Soon after the assumption of power by the PML-N at the federal level and the PTI in Khyber-Pakhtunkhwa, the TTP and its affiliates resorted to stepped up violence. Both governments appeared helpless in the face of the Taliban attacks. Now, the TTP is buying time in order to wait for US troops to drawdown in Afghanistan by the end of 2014. The underlying assumption is that the Afghan Taliban will become strong and assertive after 2014 in Afghanistan, which will, in turn, strengthen the Pakistani Taliban. They will mutually reinforce each other for their respective agendas in Afghanistan and Pakistan. As the Pakistani Taliban perceive better prospects for them in the future, they are not keen about a dialogue wherein Pakistan’s federal government will emphasise the supremacy of the Pakistani state and its Constitution.
The experience of other states facing internal strife and violence shows that such conflicts are resolved both by talks and military means. In Sri Lanka, the insurgency led by the LTTE was crushed by the military in 2009. In Nigeria, a southeastern province separated as Biafra in 1967. Three years later, the federal Nigerian forces overran the Biafra forces and brought it back into the federal fold. In East Pakistan, civil strife ended with Indian intervention, war and the surrender by the Pakistan military there. In India, the dissident movements in Punjab, Nagaland and Mizoram were initially dealt with by strong force and then political concessions were offered.
Even where an internal strife is brought to an end through dialogue, this is preceded by use of violence. As long as the state is not able to demonstrate that it has the capacity to stalemate the efforts of the challenging authority, there is little prospect of dialogue. The conflicting parties go for a political settlement when both sides come to the conclusion that it has become a no-clear-win situation for both or if one side has caused a major setback to the adversary. At this point a dialogue can be initiated to stop further bloodshed.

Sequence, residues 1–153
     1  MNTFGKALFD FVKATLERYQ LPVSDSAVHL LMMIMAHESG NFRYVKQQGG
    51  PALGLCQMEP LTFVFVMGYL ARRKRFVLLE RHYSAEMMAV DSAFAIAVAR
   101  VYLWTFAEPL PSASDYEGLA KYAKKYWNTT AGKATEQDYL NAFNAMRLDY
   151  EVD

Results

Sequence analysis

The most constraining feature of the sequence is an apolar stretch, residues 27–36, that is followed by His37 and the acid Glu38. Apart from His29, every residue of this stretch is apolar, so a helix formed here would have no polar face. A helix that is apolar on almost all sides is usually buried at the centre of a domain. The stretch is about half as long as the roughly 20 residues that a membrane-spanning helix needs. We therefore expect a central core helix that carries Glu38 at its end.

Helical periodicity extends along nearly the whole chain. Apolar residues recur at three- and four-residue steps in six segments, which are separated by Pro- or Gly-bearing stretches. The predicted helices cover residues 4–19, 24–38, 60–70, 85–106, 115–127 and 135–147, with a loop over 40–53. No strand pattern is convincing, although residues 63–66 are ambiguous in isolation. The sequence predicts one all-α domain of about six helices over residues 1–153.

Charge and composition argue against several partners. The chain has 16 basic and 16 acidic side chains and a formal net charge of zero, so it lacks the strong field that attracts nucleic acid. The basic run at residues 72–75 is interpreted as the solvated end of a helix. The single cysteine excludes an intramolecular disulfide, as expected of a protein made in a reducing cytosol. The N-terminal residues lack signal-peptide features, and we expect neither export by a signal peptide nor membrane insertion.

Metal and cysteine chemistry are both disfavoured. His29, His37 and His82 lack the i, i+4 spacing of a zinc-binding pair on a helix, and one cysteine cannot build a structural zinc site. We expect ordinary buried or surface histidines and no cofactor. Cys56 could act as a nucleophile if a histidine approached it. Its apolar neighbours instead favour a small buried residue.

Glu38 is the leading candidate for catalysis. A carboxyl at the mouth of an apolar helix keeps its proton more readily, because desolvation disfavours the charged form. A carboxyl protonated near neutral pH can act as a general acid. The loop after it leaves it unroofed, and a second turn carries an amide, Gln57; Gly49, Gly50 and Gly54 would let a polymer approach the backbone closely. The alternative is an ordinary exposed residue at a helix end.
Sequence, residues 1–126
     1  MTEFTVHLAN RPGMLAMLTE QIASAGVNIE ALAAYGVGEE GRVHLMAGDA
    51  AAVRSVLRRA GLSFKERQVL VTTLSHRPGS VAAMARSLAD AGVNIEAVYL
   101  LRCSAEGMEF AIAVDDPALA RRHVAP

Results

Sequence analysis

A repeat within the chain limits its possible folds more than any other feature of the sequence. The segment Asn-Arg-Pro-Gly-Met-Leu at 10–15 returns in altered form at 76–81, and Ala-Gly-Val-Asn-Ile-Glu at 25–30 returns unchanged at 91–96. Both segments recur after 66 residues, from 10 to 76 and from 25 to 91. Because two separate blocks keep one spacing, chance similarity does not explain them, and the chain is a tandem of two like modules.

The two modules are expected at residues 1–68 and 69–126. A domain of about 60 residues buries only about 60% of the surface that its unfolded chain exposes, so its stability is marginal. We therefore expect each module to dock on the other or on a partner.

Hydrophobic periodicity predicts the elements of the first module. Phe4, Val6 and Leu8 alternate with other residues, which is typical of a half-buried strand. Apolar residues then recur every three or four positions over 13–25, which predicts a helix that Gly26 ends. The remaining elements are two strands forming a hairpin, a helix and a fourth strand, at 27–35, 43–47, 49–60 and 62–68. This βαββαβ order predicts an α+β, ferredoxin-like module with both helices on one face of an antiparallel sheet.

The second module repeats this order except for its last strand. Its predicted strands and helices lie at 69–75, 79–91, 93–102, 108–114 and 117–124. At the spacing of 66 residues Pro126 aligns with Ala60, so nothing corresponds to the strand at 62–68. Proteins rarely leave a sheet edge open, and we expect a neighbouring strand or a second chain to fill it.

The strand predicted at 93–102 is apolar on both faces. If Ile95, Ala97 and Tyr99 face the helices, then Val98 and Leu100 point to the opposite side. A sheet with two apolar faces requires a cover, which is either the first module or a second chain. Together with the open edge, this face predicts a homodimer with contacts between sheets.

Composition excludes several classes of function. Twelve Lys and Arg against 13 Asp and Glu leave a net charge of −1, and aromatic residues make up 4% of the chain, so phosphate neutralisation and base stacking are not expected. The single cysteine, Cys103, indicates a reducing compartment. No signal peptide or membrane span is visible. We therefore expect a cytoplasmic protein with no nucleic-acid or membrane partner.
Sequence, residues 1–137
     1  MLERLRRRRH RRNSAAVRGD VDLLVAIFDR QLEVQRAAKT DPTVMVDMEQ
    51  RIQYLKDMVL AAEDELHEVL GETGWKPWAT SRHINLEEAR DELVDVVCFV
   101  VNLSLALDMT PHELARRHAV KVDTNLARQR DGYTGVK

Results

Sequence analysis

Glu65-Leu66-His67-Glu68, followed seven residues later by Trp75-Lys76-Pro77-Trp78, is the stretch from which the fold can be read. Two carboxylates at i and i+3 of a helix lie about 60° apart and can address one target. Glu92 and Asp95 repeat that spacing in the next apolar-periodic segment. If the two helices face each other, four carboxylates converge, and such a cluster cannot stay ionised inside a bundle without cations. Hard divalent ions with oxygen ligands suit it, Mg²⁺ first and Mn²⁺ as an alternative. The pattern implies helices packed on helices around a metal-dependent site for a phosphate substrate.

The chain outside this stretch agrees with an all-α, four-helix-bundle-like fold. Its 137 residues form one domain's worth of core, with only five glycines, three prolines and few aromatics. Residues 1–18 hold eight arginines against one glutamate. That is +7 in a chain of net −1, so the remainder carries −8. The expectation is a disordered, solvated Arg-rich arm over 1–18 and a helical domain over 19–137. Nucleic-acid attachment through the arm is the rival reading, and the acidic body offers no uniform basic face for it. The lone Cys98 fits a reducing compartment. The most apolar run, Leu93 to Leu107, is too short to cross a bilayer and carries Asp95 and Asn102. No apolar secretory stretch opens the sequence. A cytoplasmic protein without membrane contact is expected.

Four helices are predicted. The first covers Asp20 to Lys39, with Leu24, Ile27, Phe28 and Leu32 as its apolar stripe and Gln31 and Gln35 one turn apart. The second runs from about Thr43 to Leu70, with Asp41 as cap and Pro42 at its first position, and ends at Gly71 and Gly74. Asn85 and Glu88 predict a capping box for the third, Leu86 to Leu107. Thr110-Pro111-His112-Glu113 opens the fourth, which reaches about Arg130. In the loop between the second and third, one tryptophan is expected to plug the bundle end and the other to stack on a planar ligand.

In Pakistan, the TTP and its affiliates are not yet convinced that they are in an unwinnable or stalemated situation. What makes them confident is that the TTP and its affiliates have developed societal roots based on religious-denominational linkages, anti-Americanism and a failure of the government and security establishment to offer a political narrative as a credible alternative to the militant discourse on what is happening in and around Pakistan. This discourse has deeply influenced the mindset in society as well as in civilian and military official circles, sapping the will to adopt a unified stand on terrorism.
Pakistan’s security and stability predicament is too complex to be resolved by the proposed talks. The Taliban do not lose much if the talks fail. The civilian government and the security establishment must build the perception that they have the determination, capability and effective strategy to assert their primacy by dialogue or military action.
Published in The Express Tribune, September 23rd, 2013.